away. During that afternoon it was all that we could do to hold our own in
fighting the mounted warriors, who were in our front and contesting every
inch of the ground. The General had left word for our wagon train to
follow up with its escort of two companies, but as it had not made its
appearance, he entertained some fears that it had been surrounded, and to
prevent the possible loss of the supply train we had to go back and look
for it. About nine o'clock that evening we found it and went into camp for
the night.

Early the next day we broke camp and passed down the creek, but there was
not an Indian to be seen. They had all disappeared and gone on with their
village. Two miles farther we came to where a village had been located,
and here we found nearly everything belonging to or pertaining to an
Indian camp, which had been left in the great hurry to get away. These
articles were all gathered up and burned. We then pushed out on the trail
as fast as possible. It led us to the northeast toward the Republican; but
as the Indians had a night the start of us, we entertained but little hope
of overtaking them that day. Upon reaching the Republican in the afternoon
the General called a halt, and as the trail was running more to the east,
he concluded to send his wagon train on to Fort McPherson by the most
direct route, while he would follow on the trail of the redskins.

Next morning at daylight we again pulled out, and were evidently gaining
rapidly on the Indians, for we could occasionally see them in the
distance. About eleven o'clock that day, while Major Babcock was ahead of
the main command with his company, and while we were crossing a deep
ravine, we were surprised by about three hundred warriors, who commenced a
lively fire upon us. Galloping out of the ravine on to the rough prairie,
the men dismounted and returned the fire. We soon succeeded in driving the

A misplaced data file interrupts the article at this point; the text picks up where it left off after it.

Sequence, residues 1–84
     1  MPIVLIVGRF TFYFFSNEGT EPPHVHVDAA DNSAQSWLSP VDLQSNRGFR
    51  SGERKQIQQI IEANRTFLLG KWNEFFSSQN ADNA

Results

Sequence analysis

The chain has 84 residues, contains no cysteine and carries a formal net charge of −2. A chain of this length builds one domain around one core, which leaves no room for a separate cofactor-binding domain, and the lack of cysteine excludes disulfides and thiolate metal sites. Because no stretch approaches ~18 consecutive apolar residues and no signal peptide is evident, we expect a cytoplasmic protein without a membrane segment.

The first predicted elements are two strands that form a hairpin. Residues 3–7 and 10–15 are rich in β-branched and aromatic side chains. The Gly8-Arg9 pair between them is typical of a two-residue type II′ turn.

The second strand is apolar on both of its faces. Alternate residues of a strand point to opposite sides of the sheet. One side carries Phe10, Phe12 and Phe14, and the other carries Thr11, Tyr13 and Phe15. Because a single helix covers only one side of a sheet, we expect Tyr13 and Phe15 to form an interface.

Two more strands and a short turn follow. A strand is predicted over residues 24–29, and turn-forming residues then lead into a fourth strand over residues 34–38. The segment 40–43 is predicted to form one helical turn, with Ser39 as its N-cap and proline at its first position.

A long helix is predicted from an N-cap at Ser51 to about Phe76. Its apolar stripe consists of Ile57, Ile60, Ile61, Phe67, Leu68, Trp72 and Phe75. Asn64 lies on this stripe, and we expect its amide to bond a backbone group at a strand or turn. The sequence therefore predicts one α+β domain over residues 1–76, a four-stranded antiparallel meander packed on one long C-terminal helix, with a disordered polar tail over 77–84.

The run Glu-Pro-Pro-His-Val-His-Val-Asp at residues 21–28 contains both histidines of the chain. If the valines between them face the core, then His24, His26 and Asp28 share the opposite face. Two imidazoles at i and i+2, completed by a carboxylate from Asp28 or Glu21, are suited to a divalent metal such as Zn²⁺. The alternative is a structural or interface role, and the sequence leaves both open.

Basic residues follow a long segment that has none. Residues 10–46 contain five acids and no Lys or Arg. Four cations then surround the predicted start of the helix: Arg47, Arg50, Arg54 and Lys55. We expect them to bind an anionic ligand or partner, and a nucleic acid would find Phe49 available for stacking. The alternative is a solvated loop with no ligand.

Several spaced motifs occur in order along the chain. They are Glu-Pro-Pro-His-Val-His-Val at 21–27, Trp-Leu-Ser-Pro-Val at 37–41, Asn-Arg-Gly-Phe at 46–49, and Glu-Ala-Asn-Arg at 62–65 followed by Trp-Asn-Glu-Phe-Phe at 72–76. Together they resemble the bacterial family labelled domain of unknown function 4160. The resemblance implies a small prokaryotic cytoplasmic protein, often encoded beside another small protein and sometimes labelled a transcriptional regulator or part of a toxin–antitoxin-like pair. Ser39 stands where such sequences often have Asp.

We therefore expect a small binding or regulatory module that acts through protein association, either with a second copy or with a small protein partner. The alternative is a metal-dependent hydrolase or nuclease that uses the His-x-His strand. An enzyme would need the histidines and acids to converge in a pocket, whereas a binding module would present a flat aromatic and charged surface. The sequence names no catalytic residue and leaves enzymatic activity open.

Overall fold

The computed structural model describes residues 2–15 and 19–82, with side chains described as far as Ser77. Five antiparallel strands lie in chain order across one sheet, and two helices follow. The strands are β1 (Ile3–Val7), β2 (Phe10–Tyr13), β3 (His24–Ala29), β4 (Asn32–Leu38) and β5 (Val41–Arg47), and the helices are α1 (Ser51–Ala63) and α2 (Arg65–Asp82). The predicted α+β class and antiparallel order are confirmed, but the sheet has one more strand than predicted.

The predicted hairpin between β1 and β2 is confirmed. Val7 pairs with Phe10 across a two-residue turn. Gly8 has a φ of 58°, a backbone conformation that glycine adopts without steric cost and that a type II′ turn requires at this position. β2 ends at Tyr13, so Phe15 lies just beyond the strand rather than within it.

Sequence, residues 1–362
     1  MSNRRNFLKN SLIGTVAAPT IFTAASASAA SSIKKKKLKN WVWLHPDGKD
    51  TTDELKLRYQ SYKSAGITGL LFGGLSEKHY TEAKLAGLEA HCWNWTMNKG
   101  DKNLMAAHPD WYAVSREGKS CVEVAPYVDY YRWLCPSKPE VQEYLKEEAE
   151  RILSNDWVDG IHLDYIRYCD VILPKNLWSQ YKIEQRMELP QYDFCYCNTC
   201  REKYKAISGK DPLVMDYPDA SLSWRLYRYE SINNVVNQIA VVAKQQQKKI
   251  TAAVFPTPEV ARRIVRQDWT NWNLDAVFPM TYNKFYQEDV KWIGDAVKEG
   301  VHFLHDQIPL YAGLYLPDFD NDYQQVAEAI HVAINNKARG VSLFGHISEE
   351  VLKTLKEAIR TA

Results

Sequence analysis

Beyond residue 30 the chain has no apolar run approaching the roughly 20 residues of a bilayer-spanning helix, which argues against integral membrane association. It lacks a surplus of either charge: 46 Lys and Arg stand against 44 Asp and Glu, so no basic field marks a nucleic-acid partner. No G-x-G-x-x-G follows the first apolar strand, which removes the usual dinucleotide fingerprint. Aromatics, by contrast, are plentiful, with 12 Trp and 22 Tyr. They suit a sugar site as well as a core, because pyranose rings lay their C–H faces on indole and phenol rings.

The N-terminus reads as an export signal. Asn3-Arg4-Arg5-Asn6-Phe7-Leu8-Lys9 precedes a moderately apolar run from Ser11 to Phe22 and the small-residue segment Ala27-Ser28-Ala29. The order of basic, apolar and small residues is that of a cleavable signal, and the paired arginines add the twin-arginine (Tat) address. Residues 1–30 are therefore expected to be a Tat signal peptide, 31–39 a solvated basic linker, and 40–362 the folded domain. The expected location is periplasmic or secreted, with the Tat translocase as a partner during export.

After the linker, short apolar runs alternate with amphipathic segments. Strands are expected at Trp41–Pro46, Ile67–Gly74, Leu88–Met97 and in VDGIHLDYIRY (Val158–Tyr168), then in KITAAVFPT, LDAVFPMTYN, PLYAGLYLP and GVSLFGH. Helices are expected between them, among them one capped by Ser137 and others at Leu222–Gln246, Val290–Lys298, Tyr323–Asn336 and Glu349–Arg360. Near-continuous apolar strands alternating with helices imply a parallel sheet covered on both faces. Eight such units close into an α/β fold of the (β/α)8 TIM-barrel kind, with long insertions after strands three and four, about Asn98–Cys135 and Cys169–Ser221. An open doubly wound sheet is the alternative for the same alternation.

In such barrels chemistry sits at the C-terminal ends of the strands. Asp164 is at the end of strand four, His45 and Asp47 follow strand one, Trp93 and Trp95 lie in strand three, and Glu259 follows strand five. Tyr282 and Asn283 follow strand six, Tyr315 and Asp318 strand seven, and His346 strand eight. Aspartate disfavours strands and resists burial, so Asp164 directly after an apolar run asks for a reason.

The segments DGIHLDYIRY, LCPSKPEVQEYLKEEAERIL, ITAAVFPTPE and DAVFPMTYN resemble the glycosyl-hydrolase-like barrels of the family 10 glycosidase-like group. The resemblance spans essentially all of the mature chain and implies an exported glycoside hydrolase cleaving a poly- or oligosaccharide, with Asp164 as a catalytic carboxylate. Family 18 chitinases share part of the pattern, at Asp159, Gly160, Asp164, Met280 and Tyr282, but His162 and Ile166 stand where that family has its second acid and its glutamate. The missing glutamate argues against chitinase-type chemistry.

Indians before us and were so close to them at one time that they
abandoned and threw away nearly all their lodges and camp equipage, and
everything that had any considerable weight. They left behind them their
played-out horses, and for miles we could see Indian furniture strewn
along in every direction. The trail became divided, and the Indians
scattered in small bodies all over the prairie. As night was approaching
and our horses were about giving out, a halt was called. A company was
detailed to collect all the Indian horses running loose over the country,
and to burn the other Indian property.

The command being nearly out of rations, I was sent to the nearest point,
old Fort Kearny, about sixty miles distant, for supplies.

Shortly after we reached Fort McPherson, which continued to be the
headquarters of the Fifth Cavalry for some time, we fitted out for a new
expedition to the Republican River country, and were re-enforced by three
companies of the celebrated Pawnee Indian scouts, commanded by Major Frank
North. General Carr recommended at this time to General Augur, who was in
command of the department, that I be made chief of scouts in the
Department of the Platte, and informed me that in this position I would
receive higher wages than I had been getting in the Department of the
Missouri. This appointment I had not asked for.

I made the acquaintance of Major Frank North, and I found him and his
officers perfect gentlemen, and we were all good friends from the very
start. The Pawnee scouts had made quite a reputation for themselves, as
they had performed brave and valuable services in fighting against the
Sioux, whose bitter enemies they were; being thoroughly acquainted with
the Republican and Beaver country, I was glad that they were to be with
the expedition, and my expectation of the aid they would render was not

During our stay at Fort McPherson I made the acquaintance of Lieutenant
George P. Belden, known as the "White Chief." I found him to be an
intelligent, dashing fellow, a splendid rider, and an excellent shot. An
hour after our introduction he challenged me for a rifle match, the
preliminaries of which were soon arranged. We were to shoot ten shots each
for fifty dollars, at two hundred yards, off-hand. Belden was to use a
Henry rifle, while I was to shoot my old "Lucretia." This match I won, and
then Belden proposed to shoot a one-hundred-yard match, as I was shooting
over his distance. In this match Belden was victorious. We were now even,
and we stopped right there.

While we were at this post General Augur and several of his officers paid